Give Her Shelter

updated 12/19/1994 AT 01:00 AM EST

originally published 12/19/1994 AT 01:00 AM EST

IN THE PAST SIX MONTHS, FORMER President Jimmy Carter has helped curb the buildup of nuclear arms in North Korea and played a crucial part in returning exiled leader Jean-Bertrand Aristide to power in Haiti. But in August, Carter, 70, put his international clientele on hold. After all, none of them ever helped him build a tree house.

And Annie Mae Rhodes did. For 22 years, Rhodes, now 77, was the Carter family housekeeper and cook, supplying Jimmy and his three younger siblings with her signature sweet-potato pie and peanut bread. So when the tiny Albany, Ga., house she shared with her brother Clyde "Junior" Ross, 60—wheelchair-bound following a 1990 stroke—was destroyed when the Flint River flooded last July, Rhodes discovered she had a powerful friend.

After the flood, Rhodes found "every stick of furniture, every piece of clothing, every memory gone"—except for a tattered copy of 1977's The Carter Family Favorites, a cookbook that she helped Carter's mother, Miss Lillian, and his wife, Rosalynn, compile. When her dog Spicy died a few weeks later, Rhodes—widowed twice, with no children, and now homeless—was left with only her $416-a-month social security check. "That's when it came down on me," she says. "I lost everything. I hollered and cried, then prayed to the Lord to help me."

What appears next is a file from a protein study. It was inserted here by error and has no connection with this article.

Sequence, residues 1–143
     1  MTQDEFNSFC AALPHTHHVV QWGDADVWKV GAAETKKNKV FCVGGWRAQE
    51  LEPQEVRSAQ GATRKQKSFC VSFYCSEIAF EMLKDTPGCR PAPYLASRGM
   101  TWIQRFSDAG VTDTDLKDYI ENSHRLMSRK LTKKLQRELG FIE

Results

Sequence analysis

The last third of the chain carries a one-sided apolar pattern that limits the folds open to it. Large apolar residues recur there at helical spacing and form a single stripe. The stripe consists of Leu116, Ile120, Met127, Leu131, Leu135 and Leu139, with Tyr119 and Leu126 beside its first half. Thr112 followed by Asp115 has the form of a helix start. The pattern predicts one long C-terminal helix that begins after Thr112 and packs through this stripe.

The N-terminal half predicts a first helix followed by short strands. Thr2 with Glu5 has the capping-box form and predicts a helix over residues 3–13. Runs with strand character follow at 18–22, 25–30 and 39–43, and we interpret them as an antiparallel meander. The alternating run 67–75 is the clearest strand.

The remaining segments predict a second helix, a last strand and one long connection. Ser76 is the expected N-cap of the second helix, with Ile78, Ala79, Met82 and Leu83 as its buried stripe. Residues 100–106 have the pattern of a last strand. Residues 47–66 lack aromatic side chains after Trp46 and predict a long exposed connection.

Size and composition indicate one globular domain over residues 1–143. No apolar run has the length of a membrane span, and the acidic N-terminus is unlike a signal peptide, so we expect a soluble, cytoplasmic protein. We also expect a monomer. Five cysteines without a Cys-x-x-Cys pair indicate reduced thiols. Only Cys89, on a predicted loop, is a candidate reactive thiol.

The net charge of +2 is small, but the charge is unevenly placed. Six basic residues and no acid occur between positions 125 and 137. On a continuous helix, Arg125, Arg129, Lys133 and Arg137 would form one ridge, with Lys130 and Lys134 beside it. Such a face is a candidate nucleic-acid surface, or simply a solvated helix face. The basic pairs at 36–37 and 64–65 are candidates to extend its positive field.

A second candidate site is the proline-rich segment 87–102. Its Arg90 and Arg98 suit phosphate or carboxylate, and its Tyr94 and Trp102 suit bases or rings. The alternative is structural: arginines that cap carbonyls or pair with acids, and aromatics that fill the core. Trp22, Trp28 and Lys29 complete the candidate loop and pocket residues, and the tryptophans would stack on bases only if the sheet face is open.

A Red Cross worker sent word to Carter, who notified Habitat for Humanity International, the nonprofit home-building organization for which the Carters have been high-profile volunteers. Habitat agreed to give Rhodes priority in its campaign to build 20 houses for local flood victims. "She gave so much to me and my family that we welcomed the opportunity to give something back," says Carter, who traveled with Rosalynn to Albany to drive nails and lend moral support to Rhodes, who, despite arthritis, hung Sheetrock and hauled wood alongside the Habitat volunteers. The three-bedroom house isn't free. Like other Habitat owners, Rhodes has made a down payment ($500) and must pay off her $30,000 interest-free loan.

What is free are the twilights she can savor on her new front porch. And that isn't all that Rhodes is enjoying. "I've been feeling good all over since Jimmy and the Lord answered my prayers," she beams. "They took away the heaviness and replaced it with love."

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